Woman in good spirits after wreck
Published 12:00 am Thursday, December 29, 2011
By Elizabeth Cook
SALISBURY — Joyce Curl has two broken legs, a broken elbow, severe bruising — and a grateful heart.
“I am blessed and highly favored,” Curl said in a telephone interview from her hospital bed Wednesday evening.
The wreck that landed her in a Winston-Salem hospital on Christmas Day killed two men and could have been fatal for her, too.
“I know beyond a shadow of a doubt I had angels on each bumper,” she said.
And God was with her.
“He had his arms around my chest and neck,” she said, — the areas of her body that escaped serious injury.
Curl was on her way home from church Sunday afternoon, planning to pick up gifts to take to her son and grandchildren.
“I’m so grateful they were not with me,” she said.
She had just turned off Jake Alexander Boulevard onto Harrison Road when a speeding car coming from the opposite direction veered across the center line and crashed into her car.
“I didn’t see them coming,” Curl said. “I heard a crunch and thought, ‘What has happened?’ ”
She saw that her airbags had deployed — and then apparently passed out.
“I did not recognize anything until I saw my friends when they rolled me into the ER.”
Curl works as a patient advocate at Rowan Regional Medical Center, where she was taken before being transferred to Wake Forest University Baptist Medical Center.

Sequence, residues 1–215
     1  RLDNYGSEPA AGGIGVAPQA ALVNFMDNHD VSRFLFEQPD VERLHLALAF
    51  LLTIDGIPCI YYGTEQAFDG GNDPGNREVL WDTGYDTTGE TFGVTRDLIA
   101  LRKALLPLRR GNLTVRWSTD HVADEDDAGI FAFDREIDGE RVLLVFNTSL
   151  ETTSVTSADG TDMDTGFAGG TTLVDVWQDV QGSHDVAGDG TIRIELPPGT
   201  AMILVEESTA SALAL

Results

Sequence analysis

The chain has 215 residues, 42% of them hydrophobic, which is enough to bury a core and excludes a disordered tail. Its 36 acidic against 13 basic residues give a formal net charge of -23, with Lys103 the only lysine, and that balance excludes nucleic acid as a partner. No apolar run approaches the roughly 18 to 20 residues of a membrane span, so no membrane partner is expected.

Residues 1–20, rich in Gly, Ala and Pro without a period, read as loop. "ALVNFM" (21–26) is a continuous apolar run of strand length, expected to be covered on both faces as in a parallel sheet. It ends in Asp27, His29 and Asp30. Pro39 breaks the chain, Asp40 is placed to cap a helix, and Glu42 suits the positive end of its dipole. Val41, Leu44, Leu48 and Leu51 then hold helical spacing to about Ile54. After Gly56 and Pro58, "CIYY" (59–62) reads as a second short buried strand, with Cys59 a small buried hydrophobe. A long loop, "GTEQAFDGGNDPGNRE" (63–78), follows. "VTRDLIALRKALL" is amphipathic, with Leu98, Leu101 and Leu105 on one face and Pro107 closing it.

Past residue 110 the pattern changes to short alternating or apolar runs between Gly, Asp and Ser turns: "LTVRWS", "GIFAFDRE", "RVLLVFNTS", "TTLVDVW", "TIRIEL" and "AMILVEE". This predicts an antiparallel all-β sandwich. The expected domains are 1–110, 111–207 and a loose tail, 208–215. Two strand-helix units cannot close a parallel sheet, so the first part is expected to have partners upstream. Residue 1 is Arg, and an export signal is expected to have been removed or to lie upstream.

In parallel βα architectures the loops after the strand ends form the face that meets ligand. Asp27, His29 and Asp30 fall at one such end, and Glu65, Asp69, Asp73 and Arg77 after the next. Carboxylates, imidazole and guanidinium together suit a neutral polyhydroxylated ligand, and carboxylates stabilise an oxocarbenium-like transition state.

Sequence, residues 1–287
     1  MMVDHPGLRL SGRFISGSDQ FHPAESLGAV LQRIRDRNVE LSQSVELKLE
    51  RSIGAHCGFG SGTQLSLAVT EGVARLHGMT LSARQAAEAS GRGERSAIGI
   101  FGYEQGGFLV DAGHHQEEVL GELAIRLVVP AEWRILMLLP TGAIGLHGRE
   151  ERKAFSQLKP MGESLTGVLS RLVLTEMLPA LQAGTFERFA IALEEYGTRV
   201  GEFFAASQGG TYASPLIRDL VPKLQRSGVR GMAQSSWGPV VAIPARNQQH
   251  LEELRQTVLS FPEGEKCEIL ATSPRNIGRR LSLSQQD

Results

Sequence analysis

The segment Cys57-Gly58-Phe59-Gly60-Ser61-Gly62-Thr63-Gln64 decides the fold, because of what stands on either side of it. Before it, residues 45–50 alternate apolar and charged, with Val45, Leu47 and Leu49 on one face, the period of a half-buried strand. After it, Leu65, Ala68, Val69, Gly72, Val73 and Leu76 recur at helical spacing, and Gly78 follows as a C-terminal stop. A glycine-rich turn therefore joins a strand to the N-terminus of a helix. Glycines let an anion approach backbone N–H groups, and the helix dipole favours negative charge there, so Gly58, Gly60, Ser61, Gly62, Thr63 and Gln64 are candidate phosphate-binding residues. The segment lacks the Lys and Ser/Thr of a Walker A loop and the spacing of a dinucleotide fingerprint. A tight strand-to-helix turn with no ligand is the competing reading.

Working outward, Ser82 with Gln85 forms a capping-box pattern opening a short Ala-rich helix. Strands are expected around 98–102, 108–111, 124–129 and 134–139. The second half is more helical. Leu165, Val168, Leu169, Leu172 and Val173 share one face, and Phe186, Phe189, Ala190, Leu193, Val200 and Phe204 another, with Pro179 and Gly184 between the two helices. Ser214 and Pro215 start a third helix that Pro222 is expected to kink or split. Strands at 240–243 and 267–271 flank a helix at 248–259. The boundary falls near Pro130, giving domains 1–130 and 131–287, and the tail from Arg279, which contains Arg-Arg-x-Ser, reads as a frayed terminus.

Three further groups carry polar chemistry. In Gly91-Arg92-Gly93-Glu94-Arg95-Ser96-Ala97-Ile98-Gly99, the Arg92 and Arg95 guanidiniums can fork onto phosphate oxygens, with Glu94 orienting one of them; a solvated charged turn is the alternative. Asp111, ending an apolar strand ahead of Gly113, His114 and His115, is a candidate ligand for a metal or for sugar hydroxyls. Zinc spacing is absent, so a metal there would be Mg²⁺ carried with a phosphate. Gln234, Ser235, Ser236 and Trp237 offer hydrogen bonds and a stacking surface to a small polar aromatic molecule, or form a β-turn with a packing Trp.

Killed in the wreck were Jairo Mercado, 18, of Peach Orchard Road, and David Molina, 23, of Chesapeake Drive.
According to the Highway Patrol, Mercado was driving about 75 mph in a 45 mph zone when the Buick he was driving ran off the road in a curve. He overcorrected and swerved into Curl’s 2009 Nissan.
Curl said she felt for the families of the young men.
“There’s a mother hurting somewhere,” she said.
“I don’t have any malice.”
Friends from First Baptist Church, Rowan Regional and the community have rallied around Curl, who faces surgery today and months of rehabilitation.
She’s accustomed to keeping up a good pace — volunteering at Rowan Helping Ministries and being active at First Baptist, for example.
Becky Lowery said Curl has always been an outgoing, friendly neighbor.
“Most recently I watched her performing in the Singing Christmas Tree,” Lowery said in an email to the Post, “and as she was on the third row, I watched her and ironically thought just how beautiful she was — looking much like an angel.”
It will be months before Curl can walk again, but she sounded chipper as she talked about the future and how grateful she was to survive the accident.
“I have a lot to be chipper about,” she said. “I guess I’m just made out of the good stuff.”